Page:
The Board of Elections discovered this week that 850 city voters have birth dates of Jan. 1, 1850 on official voting records.
After the board received a complaint from one voter that she was listed as 164 years old, they reviewed their records for the whole city and found that almost 1,000 New Yorkers’ official records indicated they could have voted for Ulysses S. Grant.
The age issue came about because of errors in the old voter registration system. Up until 2006, voters were not required to give their exact birthdays when registering- they had the option of just listing their age as “21+.”
Since voter registration records are open to the public and anyone who wanted to could discover a voter’s real age, many voters chose to keep that information a secret. This choice obviously backfired.
“It’s a left-over vestige from a bygone era,” Mike Ryan, executive director of the Board of Elections, told the New York Post. “It’s a little quirk in the system. It’s not widespread.”
Observer calls to the Board of Elections were not returned.
Once the city switched to computerized voter databases, election officials were forced to write in specific dates of birth for all voters. The Board of Elections sent two different letters to the affected voters asking them to provide their birth date, but most did not reply.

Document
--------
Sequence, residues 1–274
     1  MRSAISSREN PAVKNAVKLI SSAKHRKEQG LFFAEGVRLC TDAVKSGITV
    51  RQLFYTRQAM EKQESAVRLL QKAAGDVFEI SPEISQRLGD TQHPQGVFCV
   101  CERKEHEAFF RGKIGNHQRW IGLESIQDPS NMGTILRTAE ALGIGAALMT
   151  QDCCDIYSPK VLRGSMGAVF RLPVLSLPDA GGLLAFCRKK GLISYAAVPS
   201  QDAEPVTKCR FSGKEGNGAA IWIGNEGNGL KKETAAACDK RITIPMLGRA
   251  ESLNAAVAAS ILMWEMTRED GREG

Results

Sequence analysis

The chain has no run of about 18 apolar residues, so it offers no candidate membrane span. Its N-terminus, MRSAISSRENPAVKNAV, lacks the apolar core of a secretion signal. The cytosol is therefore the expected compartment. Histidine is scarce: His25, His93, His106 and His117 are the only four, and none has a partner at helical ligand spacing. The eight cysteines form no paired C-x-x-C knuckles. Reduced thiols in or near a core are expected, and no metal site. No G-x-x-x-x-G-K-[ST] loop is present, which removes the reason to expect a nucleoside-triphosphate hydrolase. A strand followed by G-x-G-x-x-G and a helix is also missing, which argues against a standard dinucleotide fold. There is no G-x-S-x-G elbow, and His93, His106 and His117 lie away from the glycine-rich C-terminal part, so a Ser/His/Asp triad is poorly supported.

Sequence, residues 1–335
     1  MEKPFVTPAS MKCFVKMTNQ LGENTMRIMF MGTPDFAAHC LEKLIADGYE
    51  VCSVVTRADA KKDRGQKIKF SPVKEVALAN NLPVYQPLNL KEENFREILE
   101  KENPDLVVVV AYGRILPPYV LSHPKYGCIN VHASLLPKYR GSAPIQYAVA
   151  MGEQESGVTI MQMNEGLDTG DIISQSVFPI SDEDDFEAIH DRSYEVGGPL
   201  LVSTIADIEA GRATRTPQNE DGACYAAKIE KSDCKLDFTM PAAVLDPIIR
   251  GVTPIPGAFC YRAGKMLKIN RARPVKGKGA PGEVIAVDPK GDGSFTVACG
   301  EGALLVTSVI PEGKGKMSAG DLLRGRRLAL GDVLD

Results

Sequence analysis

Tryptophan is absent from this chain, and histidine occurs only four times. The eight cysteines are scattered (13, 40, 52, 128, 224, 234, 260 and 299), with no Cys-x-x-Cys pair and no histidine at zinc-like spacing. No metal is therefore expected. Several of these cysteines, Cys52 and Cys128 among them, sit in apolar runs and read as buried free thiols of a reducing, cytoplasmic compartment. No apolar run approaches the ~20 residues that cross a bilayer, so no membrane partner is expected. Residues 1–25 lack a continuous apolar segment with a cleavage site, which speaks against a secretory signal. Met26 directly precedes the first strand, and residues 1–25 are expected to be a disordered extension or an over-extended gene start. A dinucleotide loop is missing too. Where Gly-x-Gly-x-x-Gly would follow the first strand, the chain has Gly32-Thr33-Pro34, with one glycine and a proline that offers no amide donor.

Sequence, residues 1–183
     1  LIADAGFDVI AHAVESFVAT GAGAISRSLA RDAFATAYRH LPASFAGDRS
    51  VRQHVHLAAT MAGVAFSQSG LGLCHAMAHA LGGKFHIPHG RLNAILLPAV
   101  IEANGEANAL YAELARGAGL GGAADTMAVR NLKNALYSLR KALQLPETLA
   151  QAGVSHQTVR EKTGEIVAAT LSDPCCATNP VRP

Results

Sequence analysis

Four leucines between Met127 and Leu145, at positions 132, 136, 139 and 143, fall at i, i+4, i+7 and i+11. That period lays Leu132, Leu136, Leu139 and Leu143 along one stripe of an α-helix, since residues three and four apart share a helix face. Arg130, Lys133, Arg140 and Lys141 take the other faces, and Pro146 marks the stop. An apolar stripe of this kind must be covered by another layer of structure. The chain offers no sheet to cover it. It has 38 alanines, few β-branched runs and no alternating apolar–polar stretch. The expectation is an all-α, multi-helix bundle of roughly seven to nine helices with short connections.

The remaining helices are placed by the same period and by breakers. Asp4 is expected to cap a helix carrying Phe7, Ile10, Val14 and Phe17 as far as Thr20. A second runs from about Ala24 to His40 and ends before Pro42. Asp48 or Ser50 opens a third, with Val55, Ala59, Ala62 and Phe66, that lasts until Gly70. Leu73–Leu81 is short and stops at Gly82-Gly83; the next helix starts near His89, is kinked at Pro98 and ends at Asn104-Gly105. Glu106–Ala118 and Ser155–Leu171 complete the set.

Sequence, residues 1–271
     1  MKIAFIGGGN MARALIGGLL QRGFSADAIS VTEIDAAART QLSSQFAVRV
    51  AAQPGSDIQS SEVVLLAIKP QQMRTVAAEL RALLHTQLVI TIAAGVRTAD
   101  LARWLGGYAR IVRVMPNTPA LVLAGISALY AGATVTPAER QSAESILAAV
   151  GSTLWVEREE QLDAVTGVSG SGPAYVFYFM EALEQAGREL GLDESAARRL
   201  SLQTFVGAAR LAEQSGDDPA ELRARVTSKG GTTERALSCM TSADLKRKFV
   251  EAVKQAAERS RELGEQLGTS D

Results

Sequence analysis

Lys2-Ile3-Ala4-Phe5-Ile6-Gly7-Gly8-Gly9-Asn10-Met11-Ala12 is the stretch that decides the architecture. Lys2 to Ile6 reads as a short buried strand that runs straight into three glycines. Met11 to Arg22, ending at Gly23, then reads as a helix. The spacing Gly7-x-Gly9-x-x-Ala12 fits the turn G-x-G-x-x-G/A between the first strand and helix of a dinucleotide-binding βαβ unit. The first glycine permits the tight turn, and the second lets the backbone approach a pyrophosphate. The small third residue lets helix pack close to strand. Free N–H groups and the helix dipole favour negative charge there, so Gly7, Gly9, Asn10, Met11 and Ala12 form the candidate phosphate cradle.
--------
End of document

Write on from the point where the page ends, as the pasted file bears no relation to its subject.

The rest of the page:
These voters had to be grandfathered into the system, and their birth dates were listed as 1/1/1850 on official voter rolls. Why the board chose a date from such a bygone era is unclear.
Since 2006, voters have been required to give their birth dates, and those who don’t are ineligible to vote. But somehow, these 850 people have fallen through the cracks.
Mr. Ryan told the Post that the Board of Elections will try to get the affected voters’ dates of birth over the phone or in writing. The matter will not be fully resolved, however, until after this year’s election.
So if there’s a vote for Theodore Roosevelt among all the votes for Messrs. Cuomo and Astorino, now we’ll know why.